LOIS’ POST: These last 18 months posting on our blog have brought many surprising blessings. Initially it took courage to open up our most sacred, personal feelings for public viewing. We appreciate your respectful feedback and encouraging comments. We are pleased to note that our modest posts have been read in 78 countries throughout the world. THANK YOU. As we complete our 18-month blogging goal, we hand the baton to our 21-year-old granddaughter, Madeline Dunn. We invite you to continue to visit the website, Reasons to Rejoice, as she expresses uplifting insights from her youthful perspective. As my final post, I want to share a simple statement of truth: Jesus Christ’s Plan of Salvation answers these deep questions of the soul: (1) Who am I? (2) Where did I come from? (3) What is my purpose on earth? (4) Where will I go after death? http://www.mormon.org/ This plan explains how we can be happy in this life and return to God’s presence, and how to grow up to become like Him. The Lord forgives my sins, recreates my nature, promises resurrection after death, and qualifies me for glory hereafter. He assures that all things wrong in the world will one day be made right. He promises His faithful followers a fullness of joy. That is the capstone of my REASONS TO REJOICE. “Rejoice, O my heart…I will praise thee forever; yea, my soul will rejoice in thee, my God, and the rock of my salvation” (2 Nephi 4:30).
ALAN’S POST: As I look back over the past 18 months that my wife and I have posted on our website, “Reasons to Rejoice,” I have experienced great joy in exploring and sharing my deepest convictions. I have rediscovered and reinforced countless reasons to rejoice in my life. I am grateful for you, our readers, who have perused these posts three times per week. We now find it timely to shift our attention to specific genealogy and family history goals. As a parting offering, I want to share my testimony of the truthfulness of the gospel of Jesus Christ. I testify of God’s marvelous Plan of Salvation for His beloved children. We left our heavenly home in order to come to earth and learn by experience. Heavenly Father knew that we would inevitably make mistakes, so He provided a Savior for us, who would atone for these errors. Because of the Atonement of Jesus Christ, we can repent and be sanctified. We are enabled through His power to progress eternally, to eventually become as He is. The scriptures and words of living prophets provide a roadmap to keep our feet on the right path. Through covenant making and covenant keeping, we are assured of joy in this life and forever. My hope is that you have been edified by reading our posts and will find future installments equally uplifting. I pray that the Lord’s choice blessings will be with you and your families. Until we meet again, we bid you ado.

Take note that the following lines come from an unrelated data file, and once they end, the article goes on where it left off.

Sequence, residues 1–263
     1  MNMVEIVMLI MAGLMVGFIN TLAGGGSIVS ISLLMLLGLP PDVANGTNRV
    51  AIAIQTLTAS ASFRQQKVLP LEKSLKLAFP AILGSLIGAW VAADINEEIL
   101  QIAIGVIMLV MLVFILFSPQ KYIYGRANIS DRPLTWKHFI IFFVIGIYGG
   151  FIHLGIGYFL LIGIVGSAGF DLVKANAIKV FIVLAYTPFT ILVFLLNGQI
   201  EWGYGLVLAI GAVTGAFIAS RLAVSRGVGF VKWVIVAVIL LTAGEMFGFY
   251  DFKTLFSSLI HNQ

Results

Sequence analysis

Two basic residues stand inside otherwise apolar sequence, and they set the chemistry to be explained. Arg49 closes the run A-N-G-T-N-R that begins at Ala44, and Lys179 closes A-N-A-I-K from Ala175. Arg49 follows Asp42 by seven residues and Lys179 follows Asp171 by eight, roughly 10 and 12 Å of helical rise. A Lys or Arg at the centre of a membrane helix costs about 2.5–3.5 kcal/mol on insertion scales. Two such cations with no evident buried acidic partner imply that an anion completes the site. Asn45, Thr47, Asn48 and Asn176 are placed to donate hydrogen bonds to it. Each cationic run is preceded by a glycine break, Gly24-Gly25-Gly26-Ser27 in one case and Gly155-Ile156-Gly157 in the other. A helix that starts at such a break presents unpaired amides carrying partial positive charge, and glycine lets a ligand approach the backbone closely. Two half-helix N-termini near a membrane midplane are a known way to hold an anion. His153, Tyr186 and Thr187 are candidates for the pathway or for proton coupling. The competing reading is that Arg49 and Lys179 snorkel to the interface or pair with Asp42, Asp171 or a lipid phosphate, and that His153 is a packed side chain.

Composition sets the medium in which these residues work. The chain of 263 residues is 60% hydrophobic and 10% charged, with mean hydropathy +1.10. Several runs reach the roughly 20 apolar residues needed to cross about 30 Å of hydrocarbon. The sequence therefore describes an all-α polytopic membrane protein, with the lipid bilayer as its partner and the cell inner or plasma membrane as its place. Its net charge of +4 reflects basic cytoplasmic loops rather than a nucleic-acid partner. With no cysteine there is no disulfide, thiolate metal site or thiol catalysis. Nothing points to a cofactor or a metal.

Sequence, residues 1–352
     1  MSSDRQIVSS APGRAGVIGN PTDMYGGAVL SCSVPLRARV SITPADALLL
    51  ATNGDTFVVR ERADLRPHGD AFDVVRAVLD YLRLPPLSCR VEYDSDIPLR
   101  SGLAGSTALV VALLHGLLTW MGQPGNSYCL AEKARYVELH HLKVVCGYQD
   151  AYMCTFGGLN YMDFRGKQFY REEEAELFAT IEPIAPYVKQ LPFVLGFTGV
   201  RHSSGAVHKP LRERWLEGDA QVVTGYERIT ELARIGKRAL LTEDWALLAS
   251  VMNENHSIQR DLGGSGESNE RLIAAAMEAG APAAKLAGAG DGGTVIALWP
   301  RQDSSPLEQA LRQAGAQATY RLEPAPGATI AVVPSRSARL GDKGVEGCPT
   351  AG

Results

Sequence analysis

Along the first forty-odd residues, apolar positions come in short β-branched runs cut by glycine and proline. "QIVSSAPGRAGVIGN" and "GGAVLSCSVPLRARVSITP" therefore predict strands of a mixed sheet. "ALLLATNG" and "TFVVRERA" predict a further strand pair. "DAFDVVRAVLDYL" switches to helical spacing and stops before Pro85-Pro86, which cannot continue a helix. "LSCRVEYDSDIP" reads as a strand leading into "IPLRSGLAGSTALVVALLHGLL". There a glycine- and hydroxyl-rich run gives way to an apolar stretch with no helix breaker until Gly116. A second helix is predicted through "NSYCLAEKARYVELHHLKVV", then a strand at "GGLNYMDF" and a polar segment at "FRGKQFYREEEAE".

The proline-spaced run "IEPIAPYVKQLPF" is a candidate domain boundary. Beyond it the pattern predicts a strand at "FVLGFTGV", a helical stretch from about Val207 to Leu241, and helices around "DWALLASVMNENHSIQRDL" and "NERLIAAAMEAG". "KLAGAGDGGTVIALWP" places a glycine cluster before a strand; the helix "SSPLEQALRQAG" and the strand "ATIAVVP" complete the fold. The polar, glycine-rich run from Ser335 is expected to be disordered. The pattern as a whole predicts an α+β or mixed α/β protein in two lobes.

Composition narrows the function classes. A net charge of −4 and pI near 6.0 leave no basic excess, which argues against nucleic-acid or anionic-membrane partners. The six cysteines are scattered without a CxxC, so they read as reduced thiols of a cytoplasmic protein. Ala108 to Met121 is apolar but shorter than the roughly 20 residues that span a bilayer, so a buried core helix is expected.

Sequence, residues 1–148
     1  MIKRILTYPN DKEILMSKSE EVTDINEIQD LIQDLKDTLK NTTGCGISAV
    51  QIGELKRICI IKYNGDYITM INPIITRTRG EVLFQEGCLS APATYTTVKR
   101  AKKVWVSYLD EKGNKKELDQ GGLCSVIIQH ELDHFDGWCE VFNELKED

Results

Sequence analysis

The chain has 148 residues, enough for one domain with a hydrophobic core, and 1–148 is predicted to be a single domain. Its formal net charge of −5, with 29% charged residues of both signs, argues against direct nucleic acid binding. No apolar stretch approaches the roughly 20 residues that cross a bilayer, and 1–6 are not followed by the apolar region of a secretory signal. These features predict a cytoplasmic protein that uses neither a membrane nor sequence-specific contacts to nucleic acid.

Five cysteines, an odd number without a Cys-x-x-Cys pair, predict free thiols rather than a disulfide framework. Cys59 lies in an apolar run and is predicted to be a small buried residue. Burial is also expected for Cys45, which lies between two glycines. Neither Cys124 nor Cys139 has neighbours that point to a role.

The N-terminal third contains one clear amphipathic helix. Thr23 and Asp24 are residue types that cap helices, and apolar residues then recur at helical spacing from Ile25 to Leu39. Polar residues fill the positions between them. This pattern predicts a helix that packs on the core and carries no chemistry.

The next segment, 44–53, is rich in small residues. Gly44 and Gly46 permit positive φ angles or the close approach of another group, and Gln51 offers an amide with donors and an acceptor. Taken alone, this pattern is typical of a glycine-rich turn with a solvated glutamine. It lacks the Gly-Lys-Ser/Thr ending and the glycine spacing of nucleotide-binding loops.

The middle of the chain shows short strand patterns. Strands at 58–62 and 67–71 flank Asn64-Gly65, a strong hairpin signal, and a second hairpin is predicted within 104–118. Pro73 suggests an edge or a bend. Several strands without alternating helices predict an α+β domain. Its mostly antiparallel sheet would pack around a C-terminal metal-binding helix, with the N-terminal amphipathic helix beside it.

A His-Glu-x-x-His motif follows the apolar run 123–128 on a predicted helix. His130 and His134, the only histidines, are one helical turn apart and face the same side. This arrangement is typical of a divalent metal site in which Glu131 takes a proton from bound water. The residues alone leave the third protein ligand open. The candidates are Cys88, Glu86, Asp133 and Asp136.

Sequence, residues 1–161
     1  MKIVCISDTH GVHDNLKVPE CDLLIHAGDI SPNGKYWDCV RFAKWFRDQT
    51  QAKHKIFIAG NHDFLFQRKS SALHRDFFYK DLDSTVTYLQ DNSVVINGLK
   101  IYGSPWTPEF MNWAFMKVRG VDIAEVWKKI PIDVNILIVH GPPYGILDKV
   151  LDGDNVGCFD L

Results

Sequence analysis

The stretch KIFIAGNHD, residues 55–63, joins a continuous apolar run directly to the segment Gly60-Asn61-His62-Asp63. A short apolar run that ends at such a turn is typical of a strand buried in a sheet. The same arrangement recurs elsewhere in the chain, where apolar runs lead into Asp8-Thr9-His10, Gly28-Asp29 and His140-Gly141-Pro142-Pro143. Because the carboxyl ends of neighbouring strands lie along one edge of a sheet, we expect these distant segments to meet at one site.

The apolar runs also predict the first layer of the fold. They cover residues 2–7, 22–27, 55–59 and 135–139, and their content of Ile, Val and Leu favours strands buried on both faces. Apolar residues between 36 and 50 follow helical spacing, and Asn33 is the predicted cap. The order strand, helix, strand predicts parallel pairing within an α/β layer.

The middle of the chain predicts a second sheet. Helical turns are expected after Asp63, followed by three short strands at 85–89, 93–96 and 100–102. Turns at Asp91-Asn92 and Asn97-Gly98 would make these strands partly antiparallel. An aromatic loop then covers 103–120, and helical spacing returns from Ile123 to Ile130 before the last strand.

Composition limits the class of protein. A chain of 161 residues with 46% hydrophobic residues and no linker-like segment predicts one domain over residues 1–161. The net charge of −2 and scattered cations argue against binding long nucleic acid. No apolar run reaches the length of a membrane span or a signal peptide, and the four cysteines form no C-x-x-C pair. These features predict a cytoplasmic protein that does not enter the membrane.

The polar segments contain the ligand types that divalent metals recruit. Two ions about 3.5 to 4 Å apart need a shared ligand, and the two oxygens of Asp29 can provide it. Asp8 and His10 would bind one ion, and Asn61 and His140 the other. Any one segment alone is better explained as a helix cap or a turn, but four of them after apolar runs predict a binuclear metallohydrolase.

The highest compliment I could give anyone is to say, “I am a better person when I am with you.” This means that you bring out my best self. Your interest in me is genuine. Your conversation is clean and stimulating. You help me see the positive among the negative, the joy inside the sorrow. You help me think my best thoughts—and open up new vistas of my possibilities. You ignite wholesome laughter and delight. You look past my quirky ways and value my soul’s worth. You take “chaff and grain together…and sift them—keep what is worth keeping—and with the breath of kindness, blow the rest away” (Dinah Craik). Your humble, sincere example stands as a beacon, making me want to follow. Thank you for lifting me higher, helping me see myself with new eyes. “I love you, not only for what you are, but for what I am when I am with you” (Roy Croft). This describes the kind of friend I want to be. It describes the kind of parent, grandparent, sister, daughter I want to be. “There is a responsibility which no man can evade—his personal influence—the effect of his words and actions on others” (David O. McKay).